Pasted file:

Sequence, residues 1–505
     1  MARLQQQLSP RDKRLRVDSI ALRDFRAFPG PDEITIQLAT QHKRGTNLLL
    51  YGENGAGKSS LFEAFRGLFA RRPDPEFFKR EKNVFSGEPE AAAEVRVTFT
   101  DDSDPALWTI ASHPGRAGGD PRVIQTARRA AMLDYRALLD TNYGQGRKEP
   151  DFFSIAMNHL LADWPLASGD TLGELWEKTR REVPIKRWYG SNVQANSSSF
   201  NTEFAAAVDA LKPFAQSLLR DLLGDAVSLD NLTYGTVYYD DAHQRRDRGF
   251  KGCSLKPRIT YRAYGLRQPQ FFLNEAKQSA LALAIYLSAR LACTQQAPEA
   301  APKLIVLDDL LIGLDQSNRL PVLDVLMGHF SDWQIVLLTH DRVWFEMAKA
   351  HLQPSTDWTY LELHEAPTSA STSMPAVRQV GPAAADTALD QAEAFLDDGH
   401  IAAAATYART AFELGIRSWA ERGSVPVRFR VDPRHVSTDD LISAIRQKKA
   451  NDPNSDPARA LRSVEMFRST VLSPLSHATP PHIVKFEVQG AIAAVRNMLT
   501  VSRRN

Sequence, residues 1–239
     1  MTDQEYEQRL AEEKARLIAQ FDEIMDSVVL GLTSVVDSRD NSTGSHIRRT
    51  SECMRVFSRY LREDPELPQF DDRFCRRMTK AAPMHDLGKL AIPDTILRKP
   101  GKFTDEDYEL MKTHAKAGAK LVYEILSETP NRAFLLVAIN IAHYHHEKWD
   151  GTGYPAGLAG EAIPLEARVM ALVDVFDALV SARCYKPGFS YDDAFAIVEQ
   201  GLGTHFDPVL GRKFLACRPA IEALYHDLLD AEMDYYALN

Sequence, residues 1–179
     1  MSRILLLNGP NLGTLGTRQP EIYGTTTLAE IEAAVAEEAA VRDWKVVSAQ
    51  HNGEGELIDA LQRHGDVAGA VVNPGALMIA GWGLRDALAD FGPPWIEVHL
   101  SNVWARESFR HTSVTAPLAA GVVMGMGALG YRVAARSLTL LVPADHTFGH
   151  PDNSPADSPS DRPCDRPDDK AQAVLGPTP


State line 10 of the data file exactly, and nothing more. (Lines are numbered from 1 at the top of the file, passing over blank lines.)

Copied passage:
   401  IAAAATYART AFELGIRSWA ERGSVPVRFR VDPRHVSTDD LISAIRQKKA